In detail the Chinese equity markets have seen a shift in leadership from conceptual technology companies (Tencent, Alibaba etc) towards fundamental value companies with strong balance sheets, market positions, and brands, and which have become mis-priced by the markets. Alongside this we have also seen more political interference in the corporate sector.

Looking more widely year to date Taiwan, Singapore, and Hong Kong have seen the strongest performance whilst China, the Philippines, Malaysia, and Indonesia have been the worst.

European equity markets have continued to show mixed performance whilst the EU struggles to manage the roll-out of an effective vaccination programme and have become fixated with blaming everyone they can, and in particular the UK and Astra Zeneca, for their woes.

Both Germany and France have now descended into new strict lockdowns with France in particular being towards the top of the daily table for newly identified cases, whilst Germany has seemingly broken ranks with the rest of Europe and is apparently negotiating with Russia for supplies of the Sputnik vaccine.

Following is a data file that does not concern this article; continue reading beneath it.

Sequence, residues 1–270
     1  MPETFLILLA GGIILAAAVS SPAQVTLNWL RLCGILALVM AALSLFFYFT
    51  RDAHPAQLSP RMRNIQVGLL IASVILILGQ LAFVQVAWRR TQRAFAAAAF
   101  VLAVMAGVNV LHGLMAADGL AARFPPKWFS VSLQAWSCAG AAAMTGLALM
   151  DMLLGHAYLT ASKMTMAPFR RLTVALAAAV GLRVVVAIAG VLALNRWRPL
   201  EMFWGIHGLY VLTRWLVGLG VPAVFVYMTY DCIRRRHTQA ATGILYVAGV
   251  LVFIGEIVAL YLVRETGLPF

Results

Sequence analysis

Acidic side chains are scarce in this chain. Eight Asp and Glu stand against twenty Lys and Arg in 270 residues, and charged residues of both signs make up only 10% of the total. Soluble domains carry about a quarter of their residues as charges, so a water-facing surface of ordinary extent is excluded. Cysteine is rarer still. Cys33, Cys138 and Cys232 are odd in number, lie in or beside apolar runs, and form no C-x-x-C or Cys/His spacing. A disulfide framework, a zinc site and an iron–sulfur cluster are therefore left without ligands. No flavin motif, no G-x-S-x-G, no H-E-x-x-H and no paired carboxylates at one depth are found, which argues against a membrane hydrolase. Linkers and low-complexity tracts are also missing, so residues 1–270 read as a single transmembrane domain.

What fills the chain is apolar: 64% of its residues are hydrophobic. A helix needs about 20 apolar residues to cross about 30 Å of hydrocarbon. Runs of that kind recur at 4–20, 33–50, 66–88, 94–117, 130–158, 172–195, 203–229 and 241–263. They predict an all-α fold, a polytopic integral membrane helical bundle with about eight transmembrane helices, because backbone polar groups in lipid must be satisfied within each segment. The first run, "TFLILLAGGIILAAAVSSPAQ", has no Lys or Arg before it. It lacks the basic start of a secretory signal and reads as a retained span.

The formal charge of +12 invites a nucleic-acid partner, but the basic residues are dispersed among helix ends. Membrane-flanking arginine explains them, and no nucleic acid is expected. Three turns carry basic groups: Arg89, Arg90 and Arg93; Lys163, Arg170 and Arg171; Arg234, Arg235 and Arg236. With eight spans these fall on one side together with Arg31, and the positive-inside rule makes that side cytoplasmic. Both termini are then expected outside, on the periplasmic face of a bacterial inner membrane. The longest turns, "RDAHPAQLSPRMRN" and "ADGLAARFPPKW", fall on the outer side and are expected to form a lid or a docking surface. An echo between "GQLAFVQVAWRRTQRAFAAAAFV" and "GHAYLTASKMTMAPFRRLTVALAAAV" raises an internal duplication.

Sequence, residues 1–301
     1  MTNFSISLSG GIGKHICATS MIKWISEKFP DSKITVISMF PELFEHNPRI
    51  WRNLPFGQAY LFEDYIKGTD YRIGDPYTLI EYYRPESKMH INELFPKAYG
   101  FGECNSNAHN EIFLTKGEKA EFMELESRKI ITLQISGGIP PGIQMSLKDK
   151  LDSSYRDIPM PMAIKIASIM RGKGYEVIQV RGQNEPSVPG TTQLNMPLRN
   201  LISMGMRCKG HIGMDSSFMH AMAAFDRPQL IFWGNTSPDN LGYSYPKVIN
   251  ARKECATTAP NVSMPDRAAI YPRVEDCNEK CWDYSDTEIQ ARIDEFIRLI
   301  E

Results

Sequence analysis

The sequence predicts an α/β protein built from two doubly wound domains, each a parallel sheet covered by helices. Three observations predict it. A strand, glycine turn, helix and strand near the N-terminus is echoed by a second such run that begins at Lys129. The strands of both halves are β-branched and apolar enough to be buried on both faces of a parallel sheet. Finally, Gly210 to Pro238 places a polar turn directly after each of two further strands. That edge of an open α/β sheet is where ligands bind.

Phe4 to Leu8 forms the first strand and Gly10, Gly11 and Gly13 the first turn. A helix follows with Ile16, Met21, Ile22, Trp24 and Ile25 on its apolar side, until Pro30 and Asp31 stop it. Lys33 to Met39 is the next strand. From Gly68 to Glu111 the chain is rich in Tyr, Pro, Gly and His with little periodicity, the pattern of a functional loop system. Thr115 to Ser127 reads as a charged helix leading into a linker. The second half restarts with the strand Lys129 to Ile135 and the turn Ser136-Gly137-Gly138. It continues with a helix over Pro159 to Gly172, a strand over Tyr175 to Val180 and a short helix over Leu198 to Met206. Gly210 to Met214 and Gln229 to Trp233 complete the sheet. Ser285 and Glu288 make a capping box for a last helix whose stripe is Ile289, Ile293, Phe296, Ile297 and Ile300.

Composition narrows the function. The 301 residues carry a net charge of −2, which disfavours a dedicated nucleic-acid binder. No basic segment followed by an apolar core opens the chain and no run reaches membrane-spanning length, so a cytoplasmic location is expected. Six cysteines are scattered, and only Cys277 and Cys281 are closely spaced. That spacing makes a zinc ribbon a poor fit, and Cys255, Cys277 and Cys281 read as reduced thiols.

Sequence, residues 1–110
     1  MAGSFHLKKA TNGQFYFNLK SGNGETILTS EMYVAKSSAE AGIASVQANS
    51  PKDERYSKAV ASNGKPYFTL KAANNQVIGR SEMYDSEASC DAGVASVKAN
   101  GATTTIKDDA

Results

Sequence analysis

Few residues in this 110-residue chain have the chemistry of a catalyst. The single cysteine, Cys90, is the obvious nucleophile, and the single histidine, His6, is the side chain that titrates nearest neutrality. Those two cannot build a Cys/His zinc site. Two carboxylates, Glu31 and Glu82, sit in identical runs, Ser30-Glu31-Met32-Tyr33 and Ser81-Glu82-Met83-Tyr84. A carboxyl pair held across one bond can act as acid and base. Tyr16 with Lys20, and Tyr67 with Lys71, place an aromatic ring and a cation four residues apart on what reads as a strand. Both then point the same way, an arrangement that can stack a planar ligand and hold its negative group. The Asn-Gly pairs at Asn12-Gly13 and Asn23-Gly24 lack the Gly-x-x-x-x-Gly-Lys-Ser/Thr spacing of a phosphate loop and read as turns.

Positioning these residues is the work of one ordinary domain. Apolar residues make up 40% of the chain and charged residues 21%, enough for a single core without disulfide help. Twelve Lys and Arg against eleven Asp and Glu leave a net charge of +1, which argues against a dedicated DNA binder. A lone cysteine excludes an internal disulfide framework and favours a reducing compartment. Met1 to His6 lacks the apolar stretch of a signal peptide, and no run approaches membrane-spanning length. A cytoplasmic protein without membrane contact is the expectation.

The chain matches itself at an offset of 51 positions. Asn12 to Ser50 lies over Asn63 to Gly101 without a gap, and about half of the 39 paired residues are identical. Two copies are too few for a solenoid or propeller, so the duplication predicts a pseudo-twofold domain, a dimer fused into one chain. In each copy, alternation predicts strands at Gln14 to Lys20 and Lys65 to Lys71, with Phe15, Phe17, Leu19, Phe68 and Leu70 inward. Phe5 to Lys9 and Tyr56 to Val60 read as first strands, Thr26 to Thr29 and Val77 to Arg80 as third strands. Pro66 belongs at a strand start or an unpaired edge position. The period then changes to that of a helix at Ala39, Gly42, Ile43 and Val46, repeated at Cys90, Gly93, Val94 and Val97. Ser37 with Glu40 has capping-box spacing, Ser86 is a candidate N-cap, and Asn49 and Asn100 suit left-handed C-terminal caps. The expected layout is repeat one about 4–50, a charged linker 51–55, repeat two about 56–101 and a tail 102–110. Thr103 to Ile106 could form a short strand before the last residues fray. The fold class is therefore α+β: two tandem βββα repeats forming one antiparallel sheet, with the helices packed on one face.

One other difficult issue is the revelation that even with the disastrous EU vaccine programme the world’s wealthiest countries are getting vaccinated twenty five times faster than poorer nations and that economies with the highest incomes have 40% of the world’s vaccinations, but just 11% of the global population. This will clearly have an impact on the pace of worldwide recovery from the pandemic with implications for both international trade and travel.

Market Round Up
Performance of major equity markets during March 2021:

March 2021Year to date01/04/2020 –
UK (FTSE 100) 5.1%5.9%23.0%
US (S&P 500)4.4%6.2%56.4%
Europe (MSCI Europe Ex UK)6.8%8.4%40.0%
Asia (MSCI Asia Pac Ex Japan)-2.9%1.6%54.8%
Japan (Nikkei 225)1.4%7.0%56.7%
China (SSE Composite)-1.9%0.9%25.1%

Source: Morningstar Direct